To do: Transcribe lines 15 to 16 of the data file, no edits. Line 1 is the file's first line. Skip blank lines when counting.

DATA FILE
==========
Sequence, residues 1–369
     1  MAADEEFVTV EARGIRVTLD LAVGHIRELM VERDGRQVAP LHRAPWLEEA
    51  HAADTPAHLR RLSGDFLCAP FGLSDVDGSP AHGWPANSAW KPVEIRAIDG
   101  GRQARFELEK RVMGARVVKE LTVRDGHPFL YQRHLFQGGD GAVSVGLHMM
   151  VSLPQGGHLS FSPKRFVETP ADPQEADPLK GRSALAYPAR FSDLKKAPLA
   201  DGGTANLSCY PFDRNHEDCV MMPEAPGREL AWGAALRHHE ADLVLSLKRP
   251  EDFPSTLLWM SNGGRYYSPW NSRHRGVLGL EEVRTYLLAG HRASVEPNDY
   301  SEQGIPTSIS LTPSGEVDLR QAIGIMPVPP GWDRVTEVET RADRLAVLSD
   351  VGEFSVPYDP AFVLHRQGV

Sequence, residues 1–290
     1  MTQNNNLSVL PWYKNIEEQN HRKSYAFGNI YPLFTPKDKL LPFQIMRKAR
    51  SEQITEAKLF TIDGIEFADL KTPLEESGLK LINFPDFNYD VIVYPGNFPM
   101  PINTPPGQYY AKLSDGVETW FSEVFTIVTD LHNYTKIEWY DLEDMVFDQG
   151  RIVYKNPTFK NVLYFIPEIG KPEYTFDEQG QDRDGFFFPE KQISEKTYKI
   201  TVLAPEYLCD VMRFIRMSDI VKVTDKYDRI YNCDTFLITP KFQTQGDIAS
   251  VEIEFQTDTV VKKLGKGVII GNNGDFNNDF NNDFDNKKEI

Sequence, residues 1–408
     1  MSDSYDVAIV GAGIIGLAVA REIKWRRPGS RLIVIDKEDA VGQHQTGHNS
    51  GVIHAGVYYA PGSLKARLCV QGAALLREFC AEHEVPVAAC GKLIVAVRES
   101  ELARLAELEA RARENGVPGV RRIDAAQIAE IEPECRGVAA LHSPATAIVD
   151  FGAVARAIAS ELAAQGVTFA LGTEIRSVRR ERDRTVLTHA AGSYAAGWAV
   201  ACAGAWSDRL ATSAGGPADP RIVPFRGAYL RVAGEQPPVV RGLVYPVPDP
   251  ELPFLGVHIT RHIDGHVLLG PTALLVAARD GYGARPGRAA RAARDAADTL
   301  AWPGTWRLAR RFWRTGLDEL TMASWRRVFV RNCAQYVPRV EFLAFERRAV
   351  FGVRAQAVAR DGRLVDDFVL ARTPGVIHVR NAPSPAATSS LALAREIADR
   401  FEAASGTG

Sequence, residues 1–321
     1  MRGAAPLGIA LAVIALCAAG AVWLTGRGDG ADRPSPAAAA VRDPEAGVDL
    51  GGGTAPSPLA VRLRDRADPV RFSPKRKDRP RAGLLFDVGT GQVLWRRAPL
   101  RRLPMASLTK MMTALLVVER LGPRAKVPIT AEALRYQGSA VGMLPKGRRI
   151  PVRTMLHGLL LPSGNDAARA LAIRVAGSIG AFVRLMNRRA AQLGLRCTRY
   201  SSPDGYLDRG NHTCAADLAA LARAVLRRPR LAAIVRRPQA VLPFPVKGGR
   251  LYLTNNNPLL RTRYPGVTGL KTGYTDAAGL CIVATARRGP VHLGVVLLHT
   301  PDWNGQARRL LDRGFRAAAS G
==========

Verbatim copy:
   201  TVLAPEYLCD VMRFIRMSDI VKVTDKYDRI YNCDTFLITP KFQTQGDIAS
   251  VEIEFQTDTV VKKLGKGVII GNNGDFNNDF NNDFDNKKEI